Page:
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    Posted January 22, 2014 by
    k3vsDad
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    Farmersburg, Indiana
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    'Trust Me'

     

    It is not as if we have never been warned.

    Our  parents warned us. Our teachers warned us. Our ministers warned us.  Psychologists have warned us. Prosecutors and judges, especially  television judges, have warned us. Talk show hosts with cheating guests  have warned us.

    Yet over and over again it seems we, human beings, never listen.

    The  first words out of someone caught doing something they shouldn't or  someone's other half is caught cheating, it is always the same two  words, "Trust me."

    Americans,  especially voters, seem to throw all caution to the wind every time  some politician answers a question or peppers a speech with those two  problematic words. A defendent or witness in a criminal or civil trial  is immediately suspect, yet jurors seem to ignore the flashing red  letters, as the person sitting in the witness box declares, "Trust me."

    What  is it in the psyche of humanity that seems proned to allow those who  intone as if pontificating from the heavens, "Trust me", to get away  with it?

    In  the past couple of weeks we have had two major players in the world of  politics, in the land of public service, who have in essence pronounced  this dictate to their constituents, "Trust me."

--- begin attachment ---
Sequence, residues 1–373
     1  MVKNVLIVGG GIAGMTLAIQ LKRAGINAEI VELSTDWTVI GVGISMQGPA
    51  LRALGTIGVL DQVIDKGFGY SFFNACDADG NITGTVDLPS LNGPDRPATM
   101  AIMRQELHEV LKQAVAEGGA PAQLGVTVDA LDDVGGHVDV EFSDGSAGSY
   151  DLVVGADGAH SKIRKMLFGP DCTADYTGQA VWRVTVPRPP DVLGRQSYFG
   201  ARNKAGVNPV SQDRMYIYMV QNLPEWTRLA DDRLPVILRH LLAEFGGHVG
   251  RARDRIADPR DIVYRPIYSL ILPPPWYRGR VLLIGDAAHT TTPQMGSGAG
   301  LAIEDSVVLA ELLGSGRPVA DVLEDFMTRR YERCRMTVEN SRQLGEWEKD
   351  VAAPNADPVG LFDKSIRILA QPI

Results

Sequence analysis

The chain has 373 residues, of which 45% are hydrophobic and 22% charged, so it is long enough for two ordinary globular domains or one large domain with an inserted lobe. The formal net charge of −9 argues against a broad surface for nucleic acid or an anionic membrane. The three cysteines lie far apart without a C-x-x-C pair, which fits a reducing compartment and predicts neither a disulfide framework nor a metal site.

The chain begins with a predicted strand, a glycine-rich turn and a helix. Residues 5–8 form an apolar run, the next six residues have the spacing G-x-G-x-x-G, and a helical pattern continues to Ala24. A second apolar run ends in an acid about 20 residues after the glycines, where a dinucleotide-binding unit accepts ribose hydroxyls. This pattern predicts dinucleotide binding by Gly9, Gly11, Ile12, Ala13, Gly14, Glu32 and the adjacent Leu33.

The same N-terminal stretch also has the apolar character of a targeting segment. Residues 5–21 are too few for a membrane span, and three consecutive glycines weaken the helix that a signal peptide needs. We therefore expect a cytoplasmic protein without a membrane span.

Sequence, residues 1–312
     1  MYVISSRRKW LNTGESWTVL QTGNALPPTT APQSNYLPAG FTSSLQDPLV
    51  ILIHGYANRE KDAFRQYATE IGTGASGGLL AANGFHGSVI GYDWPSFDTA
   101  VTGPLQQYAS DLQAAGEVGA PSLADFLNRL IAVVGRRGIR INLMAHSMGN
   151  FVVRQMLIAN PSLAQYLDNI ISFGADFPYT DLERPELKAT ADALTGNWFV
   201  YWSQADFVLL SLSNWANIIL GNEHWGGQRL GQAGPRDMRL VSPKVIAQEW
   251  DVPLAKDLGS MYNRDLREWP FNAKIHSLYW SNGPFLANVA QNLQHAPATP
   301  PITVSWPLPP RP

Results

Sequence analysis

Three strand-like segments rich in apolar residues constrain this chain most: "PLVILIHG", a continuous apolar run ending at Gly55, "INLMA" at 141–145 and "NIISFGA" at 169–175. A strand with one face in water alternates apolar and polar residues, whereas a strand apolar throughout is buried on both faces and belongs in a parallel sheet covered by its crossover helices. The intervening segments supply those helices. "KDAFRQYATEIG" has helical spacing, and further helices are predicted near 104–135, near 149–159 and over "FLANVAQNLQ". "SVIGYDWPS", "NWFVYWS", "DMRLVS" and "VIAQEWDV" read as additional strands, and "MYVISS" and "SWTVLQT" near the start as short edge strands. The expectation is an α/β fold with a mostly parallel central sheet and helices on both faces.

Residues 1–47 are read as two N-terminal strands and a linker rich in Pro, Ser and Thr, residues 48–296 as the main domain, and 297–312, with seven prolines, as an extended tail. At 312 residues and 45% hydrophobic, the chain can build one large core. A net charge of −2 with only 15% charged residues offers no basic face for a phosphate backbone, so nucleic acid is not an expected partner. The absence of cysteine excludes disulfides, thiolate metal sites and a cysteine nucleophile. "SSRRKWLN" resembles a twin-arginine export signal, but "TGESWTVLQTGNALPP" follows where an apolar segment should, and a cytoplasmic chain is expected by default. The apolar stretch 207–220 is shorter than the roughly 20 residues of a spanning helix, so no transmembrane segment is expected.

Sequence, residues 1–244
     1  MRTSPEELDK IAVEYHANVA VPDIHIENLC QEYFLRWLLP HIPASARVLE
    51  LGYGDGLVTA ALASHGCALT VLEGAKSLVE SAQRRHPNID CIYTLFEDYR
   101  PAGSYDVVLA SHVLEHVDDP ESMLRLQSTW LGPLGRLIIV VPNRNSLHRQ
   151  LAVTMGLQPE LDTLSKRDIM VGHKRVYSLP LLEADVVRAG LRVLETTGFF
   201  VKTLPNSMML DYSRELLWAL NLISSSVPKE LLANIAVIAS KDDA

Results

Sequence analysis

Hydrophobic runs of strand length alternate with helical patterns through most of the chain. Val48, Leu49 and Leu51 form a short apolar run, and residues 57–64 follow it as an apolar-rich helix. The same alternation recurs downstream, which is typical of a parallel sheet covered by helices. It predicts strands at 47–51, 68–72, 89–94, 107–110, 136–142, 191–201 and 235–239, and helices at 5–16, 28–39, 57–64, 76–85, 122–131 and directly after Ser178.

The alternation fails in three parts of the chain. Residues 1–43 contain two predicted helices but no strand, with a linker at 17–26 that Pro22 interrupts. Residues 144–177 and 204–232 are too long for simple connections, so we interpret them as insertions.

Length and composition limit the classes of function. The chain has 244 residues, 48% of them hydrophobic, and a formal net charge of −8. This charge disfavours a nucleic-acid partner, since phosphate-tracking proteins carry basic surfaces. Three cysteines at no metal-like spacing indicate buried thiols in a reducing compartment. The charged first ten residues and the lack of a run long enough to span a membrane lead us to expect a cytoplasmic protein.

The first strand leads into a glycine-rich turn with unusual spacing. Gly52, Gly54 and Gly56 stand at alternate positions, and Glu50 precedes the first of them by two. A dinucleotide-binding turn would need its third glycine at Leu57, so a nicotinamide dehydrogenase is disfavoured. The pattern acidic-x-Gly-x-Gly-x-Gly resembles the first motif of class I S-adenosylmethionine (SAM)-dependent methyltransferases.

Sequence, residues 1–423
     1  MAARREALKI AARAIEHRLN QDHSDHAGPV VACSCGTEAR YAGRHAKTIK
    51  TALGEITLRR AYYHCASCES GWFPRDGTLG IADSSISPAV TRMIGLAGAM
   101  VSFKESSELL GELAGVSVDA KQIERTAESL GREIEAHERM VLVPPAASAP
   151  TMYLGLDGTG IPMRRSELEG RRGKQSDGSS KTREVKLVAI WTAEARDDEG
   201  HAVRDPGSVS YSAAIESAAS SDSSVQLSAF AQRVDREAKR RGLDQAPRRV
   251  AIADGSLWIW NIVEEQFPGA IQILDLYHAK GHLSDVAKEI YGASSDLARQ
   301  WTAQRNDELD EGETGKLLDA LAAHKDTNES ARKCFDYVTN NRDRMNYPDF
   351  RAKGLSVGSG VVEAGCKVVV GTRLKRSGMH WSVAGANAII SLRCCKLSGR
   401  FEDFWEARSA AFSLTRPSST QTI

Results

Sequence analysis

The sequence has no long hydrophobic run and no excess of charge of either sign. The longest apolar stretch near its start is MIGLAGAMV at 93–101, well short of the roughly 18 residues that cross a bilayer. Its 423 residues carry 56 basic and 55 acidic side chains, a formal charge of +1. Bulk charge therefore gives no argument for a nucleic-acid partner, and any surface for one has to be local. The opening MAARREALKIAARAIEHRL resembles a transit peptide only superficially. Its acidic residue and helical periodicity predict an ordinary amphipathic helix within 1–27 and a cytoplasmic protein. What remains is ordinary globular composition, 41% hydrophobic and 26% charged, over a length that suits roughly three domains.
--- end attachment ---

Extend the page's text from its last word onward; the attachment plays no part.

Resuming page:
We  have the case of Governor Chris Christie asking the people of New  Jersey to "trust" him that he is not guilty of any malfeasance or  attempts at bullying or payback.

    We  have the situation with the President of the United States of America,  Barack Obama, without breaking into a smile or a laugh, implore the  American people to "trust" him and even more problematic "trust" the  government with safeguarding our privacy.

    The  latest public servant to walk us down the primrose road of "trust me"  is former Virginia Governor Robert McDonnell. Whether McDonnell is  guilty as charged or innocent as the driven snow will come out over the  coming weeks or years. But for the moment, he wants us to "trust" him  that he broke no laws.

    Sadly,  too many will be duped by what we have all been warned is a clear sign  and reason to run the other way. Sadly too many of us will hold our  nose, close our eyes, grin and bear it. Sadly too many of us will once  more fall for those two words which almost never end well - "Trust me."

    I  am not saying that Christie is guilty of being involved directly with  what his underlings have been alleged to have done. I am not saying that  the President does not deep down believe it is possible to safeguard  our privacy while the 4th Amendment is trampled in the name of security.

    What  I am saying is that we should all "trust, but verfiy", as Ronald Reagan  advised. Sadly, too many of us will find it too hard to verify and hope  for the best instead.

    Let's  not go blindly down a road pitted with potholes and think we can escape  the jarring and damage to the undercarriage of our life vehicles.

    From  the Cornfield, when will we learn, especially when it's a politician  who is mouthing the words, "Trust me", to stop, look and listen before  crossing a busy highway into the onrushing traffic?

    How  many more times must we be fooled before there is "reasonable doubt"  when anyone, especially a politician, looks us dead in the eyes and  says, "Trust me"?

    When is enough, enough?

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